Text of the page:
Cleveland City Council Approves 18-Cent Property Tax Increase

Tuesday, July 23, 2013 - by Gail Perry
New officers are sworn in
New officers are sworn in

The Cleveland City Council, at a meeting Monday afternoon set a new certified tax rate, then raised the property tax rate by just over 18 cents.

Officials said, even with the higher tax rate, that Cleveland has "the lowest property tax rate of any city in Tennessee with a K-12 school system."

They said it was the first city tax increase since 2005.

The previous tax rate was $1.49 per $100 of assessed valuation.

The 2013 state certified rate of $1.5804 was approved. The council then voted to exceed this rate for the year 2013-2014. The property tax and special franchise privilege rate was set at $1.7655 on each $100 of assessed value. 

Meanwhile, the Bradley County Commission will vote Aug. 5 on a seven-cent tax increase for a $14 million project at Lake Forest Middle School.

The county is also considering a workhouse proposal.

In other new business at the City Council, the zoning ordinance was amended to allow the continuation of residential uses within an industrial zone under appropriate circumstances. The original zoning allowed single-family residential development in industrial areas when Cleveland had a pyramid zoning structure that allowed the non-conforming uses. After decades of change and relocation of industries there is a need to redevelop within such areas. This ordinance will allow new houses as well as repairs to a building that has lost 50 percent of its value due to fire or other damage.

The council also amended the definition of townhouse dwelling to allow for the construction of two-unit townhouses. Each unit must have its own front and rear entrance and each unit must be separated by firewalls, and have its own deed.

The city ordinance concerning historical preservation was amended to read that four members of the commission will constitute a quorum of the Cleveland Historical Preservation Commission. A motion will pass if the majority of the quorum that is present and voting provides an affirmative vote.

Rezoning was given approval for three properties. A lot at 775 Gaut Street, NE was changed from IH to R3. Six and three fourths acres at 4025 Georgetown Road, NW changed from R1 to CG, and Candies Creek Crossing on Georgetown Road was rezoned from CG to CH.

The City Council voted on agreements relating to five government grants. The council agreed to provide Bradley County $18,288 from the 2013 Byrne Justice Assistance Grant, to be used for a computer up-grade program. Mayor Tom Rowland was given authorization to sign contracts with TDOT for the Clean Tennessee Energy Grant for $150,000 that comes as a 50/50 match with the city responsible for $75,000. A second grant contract for $620,000 with TDOT will be used for the Greenway extension of Tinsley Park to Blythe Ferry Road. This award comes with an 80/20 match. The council also gave approval to apply for a grant to fund irrigation at Tinsley Park for $30,000 which is also an 80/20 match.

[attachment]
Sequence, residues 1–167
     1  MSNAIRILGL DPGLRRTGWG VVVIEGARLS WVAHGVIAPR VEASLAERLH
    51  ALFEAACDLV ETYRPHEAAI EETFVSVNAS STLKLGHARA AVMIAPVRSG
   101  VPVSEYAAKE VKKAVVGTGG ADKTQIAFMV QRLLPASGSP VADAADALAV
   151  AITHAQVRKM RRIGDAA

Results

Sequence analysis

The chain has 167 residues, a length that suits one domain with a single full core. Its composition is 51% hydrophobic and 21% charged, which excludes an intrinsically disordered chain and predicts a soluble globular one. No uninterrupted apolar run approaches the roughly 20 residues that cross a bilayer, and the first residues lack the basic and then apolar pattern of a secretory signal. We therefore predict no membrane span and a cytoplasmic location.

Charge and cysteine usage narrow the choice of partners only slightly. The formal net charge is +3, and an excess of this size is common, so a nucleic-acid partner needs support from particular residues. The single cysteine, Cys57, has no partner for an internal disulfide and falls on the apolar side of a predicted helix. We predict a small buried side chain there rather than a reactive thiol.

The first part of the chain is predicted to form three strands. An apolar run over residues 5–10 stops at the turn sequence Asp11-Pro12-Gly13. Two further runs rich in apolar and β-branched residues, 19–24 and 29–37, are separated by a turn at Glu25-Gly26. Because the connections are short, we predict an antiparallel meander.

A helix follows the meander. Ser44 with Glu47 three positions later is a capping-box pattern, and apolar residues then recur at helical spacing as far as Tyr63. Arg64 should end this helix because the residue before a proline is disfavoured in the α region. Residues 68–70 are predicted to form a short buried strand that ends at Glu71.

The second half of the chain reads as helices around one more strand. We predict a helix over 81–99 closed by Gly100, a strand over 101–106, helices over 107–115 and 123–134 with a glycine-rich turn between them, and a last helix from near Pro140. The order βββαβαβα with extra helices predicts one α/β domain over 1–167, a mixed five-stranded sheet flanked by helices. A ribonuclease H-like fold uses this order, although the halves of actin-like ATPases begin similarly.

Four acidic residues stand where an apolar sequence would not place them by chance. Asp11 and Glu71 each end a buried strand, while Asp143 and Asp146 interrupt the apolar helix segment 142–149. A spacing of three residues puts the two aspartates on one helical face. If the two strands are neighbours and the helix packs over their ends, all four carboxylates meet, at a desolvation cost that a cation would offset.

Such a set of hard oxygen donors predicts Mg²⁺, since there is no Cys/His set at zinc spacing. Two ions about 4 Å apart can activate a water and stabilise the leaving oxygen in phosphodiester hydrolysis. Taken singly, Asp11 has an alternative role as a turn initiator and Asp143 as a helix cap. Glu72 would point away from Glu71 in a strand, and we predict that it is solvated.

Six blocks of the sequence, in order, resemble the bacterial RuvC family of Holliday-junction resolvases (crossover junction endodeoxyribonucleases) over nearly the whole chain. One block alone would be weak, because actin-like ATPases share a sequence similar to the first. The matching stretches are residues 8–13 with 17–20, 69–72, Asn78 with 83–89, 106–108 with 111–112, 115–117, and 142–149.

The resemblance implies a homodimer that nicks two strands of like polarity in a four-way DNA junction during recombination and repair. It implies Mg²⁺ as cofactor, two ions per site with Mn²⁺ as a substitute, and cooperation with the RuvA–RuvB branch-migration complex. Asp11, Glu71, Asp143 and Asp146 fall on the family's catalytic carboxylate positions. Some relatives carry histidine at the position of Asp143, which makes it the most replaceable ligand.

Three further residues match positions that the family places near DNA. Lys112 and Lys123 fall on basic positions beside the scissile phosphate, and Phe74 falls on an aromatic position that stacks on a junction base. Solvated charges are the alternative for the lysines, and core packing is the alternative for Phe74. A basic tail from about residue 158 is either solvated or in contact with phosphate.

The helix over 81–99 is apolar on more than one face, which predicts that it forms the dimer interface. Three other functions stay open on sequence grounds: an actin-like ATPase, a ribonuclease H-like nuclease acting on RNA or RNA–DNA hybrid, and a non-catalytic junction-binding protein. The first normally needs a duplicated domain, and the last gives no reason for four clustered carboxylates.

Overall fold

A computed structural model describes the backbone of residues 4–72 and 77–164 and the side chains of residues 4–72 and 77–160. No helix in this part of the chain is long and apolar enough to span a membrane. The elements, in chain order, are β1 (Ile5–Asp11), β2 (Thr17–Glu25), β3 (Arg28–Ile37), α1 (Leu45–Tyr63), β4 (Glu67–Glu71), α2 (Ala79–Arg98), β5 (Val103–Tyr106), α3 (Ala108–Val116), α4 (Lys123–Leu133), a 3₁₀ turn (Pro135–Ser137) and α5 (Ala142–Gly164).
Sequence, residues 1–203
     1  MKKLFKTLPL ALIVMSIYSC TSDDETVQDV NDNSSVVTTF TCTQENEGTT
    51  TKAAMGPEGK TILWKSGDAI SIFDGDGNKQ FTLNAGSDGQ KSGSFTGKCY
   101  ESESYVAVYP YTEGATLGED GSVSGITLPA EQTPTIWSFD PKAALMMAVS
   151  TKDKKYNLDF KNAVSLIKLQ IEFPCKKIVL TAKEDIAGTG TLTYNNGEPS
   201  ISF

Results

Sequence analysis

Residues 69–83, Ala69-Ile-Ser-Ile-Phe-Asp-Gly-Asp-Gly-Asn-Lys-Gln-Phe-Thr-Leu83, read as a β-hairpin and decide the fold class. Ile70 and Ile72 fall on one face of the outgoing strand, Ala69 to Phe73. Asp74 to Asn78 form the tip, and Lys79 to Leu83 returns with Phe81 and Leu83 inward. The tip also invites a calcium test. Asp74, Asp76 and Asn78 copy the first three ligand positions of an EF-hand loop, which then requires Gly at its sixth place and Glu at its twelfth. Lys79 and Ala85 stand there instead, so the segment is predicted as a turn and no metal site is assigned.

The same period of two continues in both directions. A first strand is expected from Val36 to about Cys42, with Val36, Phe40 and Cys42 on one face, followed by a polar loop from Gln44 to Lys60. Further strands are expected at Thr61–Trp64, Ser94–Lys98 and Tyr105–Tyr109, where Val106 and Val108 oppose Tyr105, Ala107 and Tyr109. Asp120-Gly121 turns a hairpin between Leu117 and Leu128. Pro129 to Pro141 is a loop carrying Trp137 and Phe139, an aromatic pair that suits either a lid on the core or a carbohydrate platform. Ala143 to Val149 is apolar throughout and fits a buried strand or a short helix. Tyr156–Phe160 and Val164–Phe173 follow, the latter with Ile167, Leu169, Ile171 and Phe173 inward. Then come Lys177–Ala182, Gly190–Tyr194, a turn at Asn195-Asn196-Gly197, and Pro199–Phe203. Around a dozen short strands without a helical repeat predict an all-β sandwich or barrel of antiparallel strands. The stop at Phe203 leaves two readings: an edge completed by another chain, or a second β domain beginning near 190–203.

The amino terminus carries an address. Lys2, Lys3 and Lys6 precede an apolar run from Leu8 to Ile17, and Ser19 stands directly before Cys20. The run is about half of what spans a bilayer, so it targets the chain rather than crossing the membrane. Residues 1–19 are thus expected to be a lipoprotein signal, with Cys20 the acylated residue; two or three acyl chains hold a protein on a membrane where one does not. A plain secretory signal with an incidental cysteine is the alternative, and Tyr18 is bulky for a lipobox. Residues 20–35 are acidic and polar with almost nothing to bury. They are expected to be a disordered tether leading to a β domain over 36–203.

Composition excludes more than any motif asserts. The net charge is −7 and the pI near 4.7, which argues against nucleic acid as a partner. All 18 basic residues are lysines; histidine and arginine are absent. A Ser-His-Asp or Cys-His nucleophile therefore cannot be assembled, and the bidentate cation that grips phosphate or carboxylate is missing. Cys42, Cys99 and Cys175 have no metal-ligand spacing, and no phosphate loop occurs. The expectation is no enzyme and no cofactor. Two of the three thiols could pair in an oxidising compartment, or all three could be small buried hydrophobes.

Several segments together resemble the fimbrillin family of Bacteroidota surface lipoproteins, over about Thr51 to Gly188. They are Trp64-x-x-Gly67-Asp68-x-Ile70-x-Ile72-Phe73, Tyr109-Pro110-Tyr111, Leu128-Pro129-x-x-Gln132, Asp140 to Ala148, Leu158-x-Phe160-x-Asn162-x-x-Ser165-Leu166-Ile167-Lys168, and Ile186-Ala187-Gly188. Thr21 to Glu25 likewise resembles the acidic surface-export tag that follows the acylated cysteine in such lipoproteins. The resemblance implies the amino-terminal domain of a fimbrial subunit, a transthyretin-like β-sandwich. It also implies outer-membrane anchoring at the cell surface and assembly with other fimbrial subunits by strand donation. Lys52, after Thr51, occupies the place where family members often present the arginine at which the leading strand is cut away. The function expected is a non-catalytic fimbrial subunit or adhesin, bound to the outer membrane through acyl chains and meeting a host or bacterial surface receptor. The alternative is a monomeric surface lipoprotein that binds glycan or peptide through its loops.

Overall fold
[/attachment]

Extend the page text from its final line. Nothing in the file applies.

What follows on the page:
A donation of property from the Church of God has been made to the city to be used for a restroom adjacent to the Greenway. The city council voted to accept the gift and extended its appreciation.

The number of members on the Animal Shelter Advisory Board was reduced from seven to five because there is no longer an animal control service contract between the city and Bradley County.

The council members voted unanimously to support two resolutions from the Tennessee Municipal League. Congress has proposed reducing or eliminating the tax exemption on municipal bond interest as one option for reducing the federal deficit. Municipalities benefit from this tax exemption through substantial savings of the interest on borrowed money. The decision was unanimous to approve a resolution in opposition to this proposal. A letter will be written to Senators Lamar Alexander and Bob Corker and the Tennessee delegation to the U.S. House Representatives to urge them to oppose the efforts by congress to change this exemption. They will also be encouraged to level the playing the field for brick and mortar retailers, by allowing states to collect sales taxes from online retailers.

In individual reports from the council members, many relayed complaints from their constituents about the appearance of certain areas in the city limits that need attention. Complaints were heard about waist high grass that needs cutting at Creek Bend, on APD 40 and at the airport. The excessive rain in the area is to blame they were told, which has upset schedules of the public works department of Cleveland, as well as for TDOT and Bradley County departments that are all facing the same issues. Flooding has been reported to the council and help requested at Cary Street off of Mouse Creed Road which is a low lying area and at a home on Everhart Road where a catch basin has now been built. Another citizen complained that overgrowth from the Interstate is invading his yard, for which TDOT should be responsible. Officials with the city will contact TDOT and Bradley County and ask that they take care of places that are their responsibility.

Mayor Rowland introduced Tim Passmore to the council, who is the new president and CEO of Cleveland Utilities. He was praised and it was stated that the council would support him in his new position. The mayor also swore in two new police officers, Officer Joe Musselwhite and Chad Nave.

gailaperry@comcast.net




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